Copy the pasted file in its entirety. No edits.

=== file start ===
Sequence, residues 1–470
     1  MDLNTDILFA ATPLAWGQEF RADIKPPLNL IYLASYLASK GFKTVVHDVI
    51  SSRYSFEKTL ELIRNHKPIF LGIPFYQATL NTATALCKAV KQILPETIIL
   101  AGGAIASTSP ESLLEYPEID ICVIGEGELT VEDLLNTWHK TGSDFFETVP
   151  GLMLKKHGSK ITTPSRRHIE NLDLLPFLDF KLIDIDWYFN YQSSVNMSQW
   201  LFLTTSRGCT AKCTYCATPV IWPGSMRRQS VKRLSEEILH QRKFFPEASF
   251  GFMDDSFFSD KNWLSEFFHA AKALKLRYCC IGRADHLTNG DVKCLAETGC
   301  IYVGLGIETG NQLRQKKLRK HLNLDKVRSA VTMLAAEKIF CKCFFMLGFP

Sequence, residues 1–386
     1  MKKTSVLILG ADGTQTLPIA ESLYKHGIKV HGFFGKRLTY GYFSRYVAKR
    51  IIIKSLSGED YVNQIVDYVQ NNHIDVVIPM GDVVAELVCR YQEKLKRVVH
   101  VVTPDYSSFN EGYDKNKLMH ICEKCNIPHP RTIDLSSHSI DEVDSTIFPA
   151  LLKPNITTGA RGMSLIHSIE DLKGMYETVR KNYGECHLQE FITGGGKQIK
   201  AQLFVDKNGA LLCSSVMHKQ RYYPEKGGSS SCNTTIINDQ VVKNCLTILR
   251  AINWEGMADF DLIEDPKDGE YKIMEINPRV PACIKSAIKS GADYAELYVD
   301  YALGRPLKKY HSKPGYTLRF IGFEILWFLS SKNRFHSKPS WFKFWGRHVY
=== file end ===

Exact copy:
Sequence, residues 1–470
     1  MDLNTDILFA ATPLAWGQEF RADIKPPLNL IYLASYLASK GFKTVVHDVI
    51  SSRYSFEKTL ELIRNHKPIF LGIPFYQATL NTATALCKAV KQILPETIIL
   101  AGGAIASTSP ESLLEYPEID ICVIGEGELT VEDLLNTWHK TGSDFFETVP
   151  GLMLKKHGSK ITTPSRRHIE NLDLLPFLDF KLIDIDWYFN YQSSVNMSQW
   201  LFLTTSRGCT AKCTYCATPV IWPGSMRRQS VKRLSEEILH QRKFFPEASF
   251  GFMDDSFFSD KNWLSEFFHA AKALKLRYCC IGRADHLTNG DVKCLAETGC
   301  IYVGLGIETG NQLRQKKLRK HLNLDKVRSA VTMLAAEKIF CKCFFMLGFP

Sequence, residues 1–386
     1  MKKTSVLILG ADGTQTLPIA ESLYKHGIKV HGFFGKRLTY GYFSRYVAKR
    51  IIIKSLSGED YVNQIVDYVQ NNHIDVVIPM GDVVAELVCR YQEKLKRVVH
   101  VVTPDYSSFN EGYDKNKLMH ICEKCNIPHP RTIDLSSHSI DEVDSTIFPA
   151  LLKPNITTGA RGMSLIHSIE DLKGMYETVR KNYGECHLQE FITGGGKQIK
   201  AQLFVDKNGA LLCSSVMHKQ RYYPEKGGSS SCNTTIINDQ VVKNCLTILR
   251  AINWEGMADF DLIEDPKDGE YKIMEINPRV PACIKSAIKS GADYAELYVD
   301  YALGRPLKKY HSKPGYTLRF IGFEILWFLS SKNRFHSKPS WFKFWGRHVY